Sola Scriptura vs Opinion

            One of the most important doctrines of the Reformation is the doctrine of Sola Scriptura. It means that the ultimate and final authority for all things is the Bible, which is the Word of God. As Protestants, we stand on the Bible. This does not mean we ignore creeds or church history but it does mean that in disputes on these issues the final authority, the highest court of appeals, is the Scriptures.

            One common critique of the Protestant view of Sola Scriptura is that it so elevates the individual that anyone can arrive at any interpretation and justify it. In leveling this critique, Roman Catholics appeal to church tradition and teaching as the safeguard against this sort of “me-and-my-Bible-alone” sort of approach. The idea is that we need a safeguard from individualistic interpretations.

            There are several problems with this critique and the approach that flows from it. First, it creates a straw man of what Sola Scriptura affirms and denies. Second, the critique denies that the Scriptures are sufficiently clear. If we take the argument to its logical conclusion, we can ask: if God cannot be clear in giving us the Scriptures why can we be assured that God will be clear in church tradition? In other words, you take the hermeneutical issue from Scripture (“how do I interpret Scripture?”) and shift it to church teaching (“how do I interpret church tradition/teaching?”).

            When it comes to the Bible being the final authority in matters of faith and conduct, in our twenty first century context with the rise of postmodernism and hermeneutics of suspicion, the question that arises against Sola Scriptura is “whose understanding of Scripture?” In fact, in debates where someone says “the Scriptures say…” one can find responses ranging from “that’s your interpretation” to “interpreters disagree.” It is often assumed that if one can find sufficient disagreement of interpretation then a particular view must be valid, acceptable, or in an appropriate range of meanings.

            Let me suggest that the issue of Sola Scriptura contains its own antibodies to protect us from the virus of hermeneutical folly, which is present in our postmodern context. First, those who hold to Sola Scriptura have always held that the core doctrines of Scripture are basically clear. When God speaks, he does not veil himself or hide behind smoke and mirrors. He gives revelation in basic and understandable language. The clarity of Scripture presupposes that God is a communicating God and has the power to make himself understood. Both the authority of the text since it is God-breathed and the inward working of the Holy Spirit in the believer assure us that there is clarity in God’s Word and one can arrive at a clear interpretation.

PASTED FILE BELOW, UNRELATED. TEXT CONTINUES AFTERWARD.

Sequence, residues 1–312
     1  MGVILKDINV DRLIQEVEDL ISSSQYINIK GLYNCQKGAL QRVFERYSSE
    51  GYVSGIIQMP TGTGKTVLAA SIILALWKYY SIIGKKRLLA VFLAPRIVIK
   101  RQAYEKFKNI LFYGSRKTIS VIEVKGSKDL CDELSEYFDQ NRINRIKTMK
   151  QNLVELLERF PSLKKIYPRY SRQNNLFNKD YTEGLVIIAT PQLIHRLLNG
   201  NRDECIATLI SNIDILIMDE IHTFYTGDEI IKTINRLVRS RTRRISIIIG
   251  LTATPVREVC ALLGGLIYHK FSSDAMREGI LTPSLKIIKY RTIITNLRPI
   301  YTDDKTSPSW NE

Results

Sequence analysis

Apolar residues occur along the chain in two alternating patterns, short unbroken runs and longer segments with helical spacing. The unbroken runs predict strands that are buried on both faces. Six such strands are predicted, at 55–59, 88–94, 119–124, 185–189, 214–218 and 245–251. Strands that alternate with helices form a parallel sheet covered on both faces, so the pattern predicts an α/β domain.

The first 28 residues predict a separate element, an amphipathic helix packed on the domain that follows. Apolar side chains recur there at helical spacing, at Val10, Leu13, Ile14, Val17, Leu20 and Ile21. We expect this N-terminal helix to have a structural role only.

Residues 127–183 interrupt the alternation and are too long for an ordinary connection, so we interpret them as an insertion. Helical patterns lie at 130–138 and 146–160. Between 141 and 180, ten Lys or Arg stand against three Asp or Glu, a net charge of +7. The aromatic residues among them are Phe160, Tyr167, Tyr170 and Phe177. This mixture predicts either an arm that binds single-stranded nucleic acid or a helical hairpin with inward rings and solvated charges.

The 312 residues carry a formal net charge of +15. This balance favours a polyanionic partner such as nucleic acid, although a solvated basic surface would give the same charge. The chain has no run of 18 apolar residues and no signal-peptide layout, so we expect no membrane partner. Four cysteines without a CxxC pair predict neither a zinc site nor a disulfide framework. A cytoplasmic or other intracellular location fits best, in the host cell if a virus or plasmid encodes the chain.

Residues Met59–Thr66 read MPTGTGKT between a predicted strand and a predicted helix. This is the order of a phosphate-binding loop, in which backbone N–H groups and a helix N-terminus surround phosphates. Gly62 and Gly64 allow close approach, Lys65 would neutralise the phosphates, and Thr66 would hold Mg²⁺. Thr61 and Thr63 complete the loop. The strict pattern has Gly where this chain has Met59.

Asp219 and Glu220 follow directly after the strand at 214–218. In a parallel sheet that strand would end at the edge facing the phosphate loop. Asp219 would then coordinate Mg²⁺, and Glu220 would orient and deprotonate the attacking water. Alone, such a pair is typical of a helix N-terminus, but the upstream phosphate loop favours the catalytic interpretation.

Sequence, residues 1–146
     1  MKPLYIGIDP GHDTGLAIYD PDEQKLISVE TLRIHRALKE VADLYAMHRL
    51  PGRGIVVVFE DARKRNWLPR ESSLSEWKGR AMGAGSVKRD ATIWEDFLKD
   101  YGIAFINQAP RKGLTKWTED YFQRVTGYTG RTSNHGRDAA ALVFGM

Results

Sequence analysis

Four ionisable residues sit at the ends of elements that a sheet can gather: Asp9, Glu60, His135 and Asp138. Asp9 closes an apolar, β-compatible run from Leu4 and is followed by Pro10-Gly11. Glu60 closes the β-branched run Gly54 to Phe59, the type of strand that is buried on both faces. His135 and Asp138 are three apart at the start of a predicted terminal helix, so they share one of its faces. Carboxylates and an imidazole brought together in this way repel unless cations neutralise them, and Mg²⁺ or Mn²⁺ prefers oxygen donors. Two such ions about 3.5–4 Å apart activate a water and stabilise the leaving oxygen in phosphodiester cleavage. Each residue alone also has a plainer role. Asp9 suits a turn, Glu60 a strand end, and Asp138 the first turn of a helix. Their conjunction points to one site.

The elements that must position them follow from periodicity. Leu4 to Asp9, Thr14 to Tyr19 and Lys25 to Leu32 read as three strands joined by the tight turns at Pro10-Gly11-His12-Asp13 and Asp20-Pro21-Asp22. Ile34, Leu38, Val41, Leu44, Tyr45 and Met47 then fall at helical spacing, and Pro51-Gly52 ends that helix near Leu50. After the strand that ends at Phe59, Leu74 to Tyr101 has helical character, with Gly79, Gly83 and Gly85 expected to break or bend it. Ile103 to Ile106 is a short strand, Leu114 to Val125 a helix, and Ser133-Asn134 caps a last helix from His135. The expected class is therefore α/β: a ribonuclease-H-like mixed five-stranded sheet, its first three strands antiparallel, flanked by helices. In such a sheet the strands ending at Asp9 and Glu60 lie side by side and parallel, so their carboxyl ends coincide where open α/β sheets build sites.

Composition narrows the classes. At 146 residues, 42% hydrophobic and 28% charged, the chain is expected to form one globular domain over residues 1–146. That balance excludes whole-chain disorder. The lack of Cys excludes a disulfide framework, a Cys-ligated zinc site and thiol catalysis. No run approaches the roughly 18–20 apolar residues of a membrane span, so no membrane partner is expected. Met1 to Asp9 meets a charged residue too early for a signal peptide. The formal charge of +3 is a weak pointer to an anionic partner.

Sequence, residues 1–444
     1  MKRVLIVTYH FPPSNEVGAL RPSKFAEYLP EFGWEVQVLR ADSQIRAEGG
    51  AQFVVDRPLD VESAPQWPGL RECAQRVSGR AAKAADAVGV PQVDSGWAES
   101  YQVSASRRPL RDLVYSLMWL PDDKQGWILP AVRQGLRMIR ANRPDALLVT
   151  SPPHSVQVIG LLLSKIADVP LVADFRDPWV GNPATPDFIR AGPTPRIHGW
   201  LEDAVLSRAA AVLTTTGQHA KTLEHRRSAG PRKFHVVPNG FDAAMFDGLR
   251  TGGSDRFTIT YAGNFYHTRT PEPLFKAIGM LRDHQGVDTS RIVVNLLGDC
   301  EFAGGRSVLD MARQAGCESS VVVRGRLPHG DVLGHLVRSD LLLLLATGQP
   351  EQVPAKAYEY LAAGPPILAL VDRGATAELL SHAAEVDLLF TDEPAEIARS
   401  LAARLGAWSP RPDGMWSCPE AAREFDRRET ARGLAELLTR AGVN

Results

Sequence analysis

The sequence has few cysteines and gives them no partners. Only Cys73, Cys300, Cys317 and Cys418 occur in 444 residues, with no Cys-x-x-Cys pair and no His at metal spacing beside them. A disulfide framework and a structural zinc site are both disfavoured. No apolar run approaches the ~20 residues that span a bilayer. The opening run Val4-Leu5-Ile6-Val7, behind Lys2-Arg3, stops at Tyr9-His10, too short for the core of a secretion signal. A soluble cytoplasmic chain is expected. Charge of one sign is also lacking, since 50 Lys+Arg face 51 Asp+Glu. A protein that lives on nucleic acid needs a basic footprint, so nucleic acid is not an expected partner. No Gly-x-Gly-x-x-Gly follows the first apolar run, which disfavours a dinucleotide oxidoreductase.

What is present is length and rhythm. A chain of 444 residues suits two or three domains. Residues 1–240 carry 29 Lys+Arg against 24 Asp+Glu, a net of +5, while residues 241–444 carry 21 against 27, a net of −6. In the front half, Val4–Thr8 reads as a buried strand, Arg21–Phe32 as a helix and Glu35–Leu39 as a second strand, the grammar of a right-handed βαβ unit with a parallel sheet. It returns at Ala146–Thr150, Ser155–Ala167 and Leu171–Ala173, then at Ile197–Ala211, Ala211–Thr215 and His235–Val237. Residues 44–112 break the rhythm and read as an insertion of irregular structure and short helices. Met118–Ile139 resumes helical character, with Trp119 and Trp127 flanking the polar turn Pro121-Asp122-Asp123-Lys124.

Second, part of Sola Scriptura is also affirming the basic principle that Scripture, as God’s Word, does not contradict itself and we must let Scripture interpret Scripture. Unclear passages must be interpreted by clear passages. Those who hold to Sola Scriptura understand that certain passages are difficult to understand and interpret. However, we recognize that unclear passages have the boundaries of a clear passage so that a proper interpretation of any passage cannot bring it into conflict with other passages that are clear.

            Third, God upholds His Word. We also recognize that ultimately God is the giver of language and the sustainer of all his creation. The gift of language presupposes that genuine communication is possible, even if at times difficult. However, because God is God over all we are not left with an endless hermeneutical spiral that is like a death spin never arriving at the meaning of the Word of God.

            Fourth, when any two interpreters disagree over Scripture, the authority over which one is correct resides not in the hermeneutics they use but in the text itself. In other words, when two interpreters disagree, the debate is not ultimately resolved by marshaling opinions to one’s corner (whether church tradition, new hermeneutical techniques, or experts), the debate is ultimately resolved by asking “what does Scripture say?” Traditions, hermeneutical techniques, and expertise are all useful tools but they can be wrong, and they themselves must be subject to the authority of Scripture.

            We live in a day and age where we need to recover the foundations of Sola Scriptura. It is far too easy for those with a postmodern bent to appeal to all sorts of other authorities rather than the Scripture’s teaching. Particularly on moral issues plaguing evangelical Christians today, it is common to find a person appeal to new trends, new voices, or others who rally to the new cause rather than asking the hard questions: “do these things submit to Scripture?” and “what does Scripture say?”

            It takes a level of Christian character, courage, and confidence in God to stand and say “the Bible says…” Our confidence is in God and not ourselves. Far from making us proud, it should make us humble. Nevertheless, it does not leave us wandering a hall of mirrors hearing the echoing refrain, “well that is your opinion.” My life is not my own but beholden to God and what He has said.

Tim Bertolet is a graduate of Lancaster Bible College and Westminster Theological Seminary. He is an ordained pastor in the Bible Fellowship Church, currently serving as pastor of Faith Bible Fellowship Church in York, Pa. He is a husband and father of four daughters. You can follow him on Twitter @tim_bertolet.


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